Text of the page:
By Choire Sicha
New York has never looked smaller, more claustrophobic and insular than it does in Sicha’s debut book, a non-fiction account of a year in the lives of pseudonymous gay men all on the brink of not quite being young anymore. It’s 2009, and John, Chad, Edward and all their friends are hovering in a post-financial-crash haze. They have jobs—most of them—and apartments and enough money to get by almost until their next paycheques. But none of them feel settled. They go out a lot. They pair up. They break up. They sleep around. They keep in constant touch online and on their phones as they navigate life in the small town that doubles as the centre of the universe—New York City.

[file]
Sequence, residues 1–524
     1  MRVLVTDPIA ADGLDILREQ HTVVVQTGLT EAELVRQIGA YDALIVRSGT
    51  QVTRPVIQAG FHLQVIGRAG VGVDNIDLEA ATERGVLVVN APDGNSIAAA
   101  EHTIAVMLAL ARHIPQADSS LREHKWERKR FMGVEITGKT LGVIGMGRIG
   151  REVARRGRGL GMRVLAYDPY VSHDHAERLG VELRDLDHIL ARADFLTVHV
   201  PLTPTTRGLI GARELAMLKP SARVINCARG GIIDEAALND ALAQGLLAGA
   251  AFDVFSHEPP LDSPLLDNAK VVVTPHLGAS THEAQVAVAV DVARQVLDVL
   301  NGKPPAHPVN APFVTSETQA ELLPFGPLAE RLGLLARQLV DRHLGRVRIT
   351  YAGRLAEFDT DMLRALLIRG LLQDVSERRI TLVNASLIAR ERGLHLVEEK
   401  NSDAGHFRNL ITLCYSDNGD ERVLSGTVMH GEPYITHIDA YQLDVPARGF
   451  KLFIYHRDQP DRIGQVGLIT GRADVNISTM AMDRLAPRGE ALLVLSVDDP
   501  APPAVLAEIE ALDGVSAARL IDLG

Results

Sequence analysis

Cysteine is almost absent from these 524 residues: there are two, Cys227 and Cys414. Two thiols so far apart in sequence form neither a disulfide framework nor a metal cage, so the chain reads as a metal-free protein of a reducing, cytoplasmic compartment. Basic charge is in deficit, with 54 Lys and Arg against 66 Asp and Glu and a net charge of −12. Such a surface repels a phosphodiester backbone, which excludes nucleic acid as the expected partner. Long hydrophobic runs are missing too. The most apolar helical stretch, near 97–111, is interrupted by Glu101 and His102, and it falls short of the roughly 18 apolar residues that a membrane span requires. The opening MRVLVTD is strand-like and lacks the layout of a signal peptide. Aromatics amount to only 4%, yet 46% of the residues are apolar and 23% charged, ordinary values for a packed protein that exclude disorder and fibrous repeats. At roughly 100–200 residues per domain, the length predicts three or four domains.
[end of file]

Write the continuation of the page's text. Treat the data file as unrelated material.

Sicha is a New York creature himself. A new-media nomad, he was an editor at Gawker, twice, and later founded The Awl, a rival blog network. In between, he worked at the New York Observer. And though it’s never mentioned by name, it’s clear that John, the closest thing the book has to a main character, still worked there in 2009. Upheaval at the paper, which shed editors and employees throughout the year, mirrors the chaos in John’s financially insecure life.
Sicha writes with an air of anthropological distance, as if 2009 were the distant past. He defines common terms ad nauseam. (“A hedge fund took rich people’s money—at their request—and made more money with that money,” for example.) And his prose is often flat and unaffected. That said, this is a book with genuine style. Rare for good non-fiction, it’s as interesting—or more—for how it’s written as for what it’s written about. It’s not perfect, but it is significant, and a very fun read besides.